Well, I am five days into therapies at a clinic that is a lot more local… a four hour drive away. So compared to crossing the Atlantic? It’s just a hop, skip and a jump. Plus I went to school here. I have friends and family here, and they are all just a phone call away.
So first, addressing the question:
“Did you abandon the Paracelsus treatments?”
Nope. Not at all. If you remember reading any blogs about Paracelsus you may remember that there are some IV therapies I can’t bring home from the Clinic, and some I just can’t do at home locally (like ozone). The reason I’ve found myself sitting at a new, more local clinic this week is because of the IVs that I can’t bring back and do at home.
My week with the Naturopath here has been just one infusion a day and a lot to are designed to “build me up” after the hard/antibacterial ones knock me down. It has been mostly pleasant experience with the IVs so far in terms of the aftermath. I’m attending the Clinic the same way I did at Paracelsus, Monday through Friday as an outpatient.
We came here on Friday. Stephen drove me into the City and I had my first IV appointment at the Clinic. They did a H2O2 infusion (hydrogen peroxide) and I am not going to lie; this used to freak the pants right off of me when I read about it in 2016 when my Lyme Life started.
The stuff that burns like a mother-f’er when you put it on a cut?
That stuff in the brown bottle that I can buy for less than $2 at the drug store?
Desperate times call for desperate measures (disclaimer: please, I repeat please do not ever be so desperate you take any measures into your own hands. This isn’t just a bottle of hydrogen peroxide from a pharmacy drained into a vein, it still needs to be done by a doctor – never try these things at home on your own)
At least that’s what I’ve told myself, but in reality I know that this isn’t really a desperate measure either. I mean… yeah, okay – we are willing to and have been doing everything we can get within our means to get my health back. I refuse to give up on it and on the days where I don’t have the will to fight, Stephen is right there in my corner, coaching me through it and cheering me on because he refuses to give up on me.
I’m damn lucky.
A few years back when I read about these H2O2 IVs I would have said “no dice” and moved on. On Friday that was not the case. Lately I haven’t been doing great. Heck, most days aren’t even decent. Today was already rough; it felt like to walk I was pushing legs made of lead, I was that annoying person who made the swish, swish noise as they walked because I wasn’t lifting my feet… and no, it wasn’t cause I was simply too lazy and prefer to walk like a sloth. To lift my arms for changing my shirt was already hard. Four hours after the IV it was a lot worse.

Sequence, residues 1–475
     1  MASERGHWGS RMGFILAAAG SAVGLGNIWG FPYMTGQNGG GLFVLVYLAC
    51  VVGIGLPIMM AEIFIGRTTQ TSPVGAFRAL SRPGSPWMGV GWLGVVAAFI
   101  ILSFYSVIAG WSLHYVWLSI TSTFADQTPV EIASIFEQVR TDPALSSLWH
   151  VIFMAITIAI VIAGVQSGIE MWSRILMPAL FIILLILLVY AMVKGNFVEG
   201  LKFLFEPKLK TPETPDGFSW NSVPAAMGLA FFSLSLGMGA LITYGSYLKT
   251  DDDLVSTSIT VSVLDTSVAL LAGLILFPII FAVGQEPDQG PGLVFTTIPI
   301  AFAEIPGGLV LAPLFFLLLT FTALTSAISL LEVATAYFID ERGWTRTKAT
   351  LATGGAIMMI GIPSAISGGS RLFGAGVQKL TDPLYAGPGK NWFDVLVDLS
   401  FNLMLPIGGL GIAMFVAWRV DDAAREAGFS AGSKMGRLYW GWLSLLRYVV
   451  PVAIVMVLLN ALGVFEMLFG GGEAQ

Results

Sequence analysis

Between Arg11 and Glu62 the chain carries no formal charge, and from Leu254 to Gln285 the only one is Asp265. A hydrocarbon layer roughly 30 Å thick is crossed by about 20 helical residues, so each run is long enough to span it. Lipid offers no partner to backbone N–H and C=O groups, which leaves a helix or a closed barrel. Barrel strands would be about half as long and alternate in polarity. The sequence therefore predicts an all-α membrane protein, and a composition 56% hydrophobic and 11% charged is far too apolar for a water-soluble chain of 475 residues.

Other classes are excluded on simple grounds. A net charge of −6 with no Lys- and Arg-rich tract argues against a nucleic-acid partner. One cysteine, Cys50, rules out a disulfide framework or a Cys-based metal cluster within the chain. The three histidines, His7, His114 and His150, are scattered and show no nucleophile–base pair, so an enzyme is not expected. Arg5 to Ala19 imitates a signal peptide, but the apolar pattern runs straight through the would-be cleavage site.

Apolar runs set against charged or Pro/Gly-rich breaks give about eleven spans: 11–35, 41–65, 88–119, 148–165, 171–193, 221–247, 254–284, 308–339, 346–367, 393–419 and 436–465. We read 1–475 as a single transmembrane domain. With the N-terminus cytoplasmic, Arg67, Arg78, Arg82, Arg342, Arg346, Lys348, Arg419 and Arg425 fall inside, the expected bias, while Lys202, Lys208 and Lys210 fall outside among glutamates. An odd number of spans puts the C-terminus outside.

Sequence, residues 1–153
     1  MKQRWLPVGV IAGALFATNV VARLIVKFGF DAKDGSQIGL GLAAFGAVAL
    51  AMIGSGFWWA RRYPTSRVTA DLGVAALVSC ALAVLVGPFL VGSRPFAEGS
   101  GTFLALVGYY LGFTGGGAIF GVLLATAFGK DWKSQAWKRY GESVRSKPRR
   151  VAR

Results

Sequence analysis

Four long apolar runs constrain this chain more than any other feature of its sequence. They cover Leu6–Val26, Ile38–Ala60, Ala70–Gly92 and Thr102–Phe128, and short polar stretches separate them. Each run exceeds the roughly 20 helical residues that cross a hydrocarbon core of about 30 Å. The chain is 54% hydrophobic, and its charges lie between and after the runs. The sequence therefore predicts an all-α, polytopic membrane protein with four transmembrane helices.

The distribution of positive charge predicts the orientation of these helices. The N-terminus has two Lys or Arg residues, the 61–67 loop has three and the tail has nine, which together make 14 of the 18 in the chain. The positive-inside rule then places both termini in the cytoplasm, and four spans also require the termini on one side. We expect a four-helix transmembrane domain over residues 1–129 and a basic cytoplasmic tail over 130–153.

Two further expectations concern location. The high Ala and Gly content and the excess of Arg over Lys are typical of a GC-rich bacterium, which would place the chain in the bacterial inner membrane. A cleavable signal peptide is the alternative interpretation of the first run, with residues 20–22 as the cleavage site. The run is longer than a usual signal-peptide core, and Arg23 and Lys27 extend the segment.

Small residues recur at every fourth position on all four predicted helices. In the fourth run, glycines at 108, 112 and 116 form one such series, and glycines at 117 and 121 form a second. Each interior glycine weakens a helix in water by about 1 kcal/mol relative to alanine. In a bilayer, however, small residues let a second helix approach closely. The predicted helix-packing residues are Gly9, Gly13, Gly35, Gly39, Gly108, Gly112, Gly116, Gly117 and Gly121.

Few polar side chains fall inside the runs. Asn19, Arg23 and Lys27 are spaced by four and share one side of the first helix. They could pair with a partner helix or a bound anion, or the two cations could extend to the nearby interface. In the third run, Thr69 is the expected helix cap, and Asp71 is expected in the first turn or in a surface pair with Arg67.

As we laid in the hotel room bed, I was cursing myself. One, I had some major FOMO (fear of missing out). I was in the City; I wanted to feel well and go have a nice dinner or see a movie, but those weren’t in the cards for me. After arnica oil, CBD gummies, ointment and Tylenol, plus a hot bath I started to get a little better – but to get undressed and into the tub, then put my PJs on? That was all on Stephen. I can normally lift my arms to rest on his shoulders to help, but I couldn’t even lift them that far.
Was the H2O2 as horrible as I thought it was? Was it a Herx?
I believe it was the later of the two. See, its been a while since I’ve had any major antibacterial action on board. My at-home infusions included a Lyme Protocol, but they were about 4-6 weeks ago. Adding the oxygen to my body like that likely caused those anaerobic bacteria to die and my body was dealing with the endotoxicity of it.
Maybe you’re wondering, “what does H2O2 do?” so I am going to paraphrase from the website of the doctor I’m seeing, and then leave it with you if you want to do some more research on it. Other than the increasing oxygen in the blood, it can help stimulate white blood cell production, convert waste and toxins from the body’s cellular processes into a more easily eliminated form and it can stimulate the production of ATP which is used as the body’s energy for many of our daily processes, like muscle contraction and nerve impulse transmission.
That night I took a sleeping pill, which is something I’ve been needing two-to-three times a week to get a better sleep. I’m waking up lots each night in pain, and knocking myself out has been the only way I get a slightly better sleep. When I woke up in the morning, 11 hours later I did feel better. Not great, but better. I was back to how I felt before the IV. Stephen needed to do some errands, and that means building supply and tool stores; I lasted about 15 minutes before I had to go lay down in the car and wait for him.
Later that night I wanted so badly to enjoy a night in the City, FOMO was hitting me hard again. It was like everyone was at a party that I wasn’t allowed to go to. We ended up having a light snack at a new restaurant early in the evening and thought we would head out for a nice dinner after, but we ended up back in the hotel. I had leftovers for dinner and went to bed early.
Sunday was a little better, we spent the day at a thermal spa which was really nice and relaxing. I was still really sore and we treated ourselves to massages before leaving. After that we made our way to my “home away from home” while I am here, which is my mom’s godmother’s house. It is the most comfortable place for me here, they are like family, plus I actually lived with them for my last semester of University so it is really like a home-away-from-home for me.